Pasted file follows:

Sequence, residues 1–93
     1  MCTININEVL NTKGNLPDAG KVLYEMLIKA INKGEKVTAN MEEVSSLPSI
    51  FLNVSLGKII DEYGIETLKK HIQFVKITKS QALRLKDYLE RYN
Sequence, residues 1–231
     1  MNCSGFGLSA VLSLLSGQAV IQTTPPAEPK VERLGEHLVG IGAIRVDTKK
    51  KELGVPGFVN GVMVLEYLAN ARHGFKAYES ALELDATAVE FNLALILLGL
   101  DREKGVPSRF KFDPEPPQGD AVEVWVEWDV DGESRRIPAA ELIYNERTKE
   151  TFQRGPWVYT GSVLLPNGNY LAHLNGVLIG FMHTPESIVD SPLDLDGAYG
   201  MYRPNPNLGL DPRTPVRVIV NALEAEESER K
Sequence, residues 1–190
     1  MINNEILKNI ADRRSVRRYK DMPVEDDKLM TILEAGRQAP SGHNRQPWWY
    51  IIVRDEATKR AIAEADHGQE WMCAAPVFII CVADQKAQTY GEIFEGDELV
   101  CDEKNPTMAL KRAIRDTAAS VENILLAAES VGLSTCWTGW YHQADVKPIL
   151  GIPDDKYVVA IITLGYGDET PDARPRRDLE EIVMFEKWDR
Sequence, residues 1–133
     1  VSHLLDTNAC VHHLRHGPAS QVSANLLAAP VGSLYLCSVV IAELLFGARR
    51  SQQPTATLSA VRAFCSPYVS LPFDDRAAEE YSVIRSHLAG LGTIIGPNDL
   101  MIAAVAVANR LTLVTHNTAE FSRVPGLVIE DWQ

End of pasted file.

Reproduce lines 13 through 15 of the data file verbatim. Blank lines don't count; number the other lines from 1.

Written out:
   101  CDEKNPTMAL KRAIRDTAAS VENILLAAES VGLSTCWTGW YHQADVKPIL
   151  GIPDDKYVVA IITLGYGDET PDARPRRDLE EIVMFEKWDR
Sequence, residues 1–133